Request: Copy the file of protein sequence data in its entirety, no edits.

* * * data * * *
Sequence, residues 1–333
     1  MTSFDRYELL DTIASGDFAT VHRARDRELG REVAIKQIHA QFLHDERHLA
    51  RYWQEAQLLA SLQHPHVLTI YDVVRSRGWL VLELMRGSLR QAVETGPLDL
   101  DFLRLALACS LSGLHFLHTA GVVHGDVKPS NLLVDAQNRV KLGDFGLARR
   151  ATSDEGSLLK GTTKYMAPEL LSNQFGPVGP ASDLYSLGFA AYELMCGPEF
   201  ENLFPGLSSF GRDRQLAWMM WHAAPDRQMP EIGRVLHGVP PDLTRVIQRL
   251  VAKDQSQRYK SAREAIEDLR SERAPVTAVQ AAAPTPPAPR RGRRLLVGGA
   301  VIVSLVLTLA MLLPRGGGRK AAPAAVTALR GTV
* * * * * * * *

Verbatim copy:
Sequence, residues 1–333
     1  MTSFDRYELL DTIASGDFAT VHRARDRELG REVAIKQIHA QFLHDERHLA
    51  RYWQEAQLLA SLQHPHVLTI YDVVRSRGWL VLELMRGSLR QAVETGPLDL
   101  DFLRLALACS LSGLHFLHTA GVVHGDVKPS NLLVDAQNRV KLGDFGLARR
   151  ATSDEGSLLK GTTKYMAPEL LSNQFGPVGP ASDLYSLGFA AYELMCGPEF
   201  ENLFPGLSSF GRDRQLAWMM WHAAPDRQMP EIGRVLHGVP PDLTRVIQRL
   251  VAKDQSQRYK SAREAIEDLR SERAPVTAVQ AAAPTPPAPR RGRRLLVGGA
   301  VIVSLVLTLA MLLPRGGGRK AAPAAVTALR GTV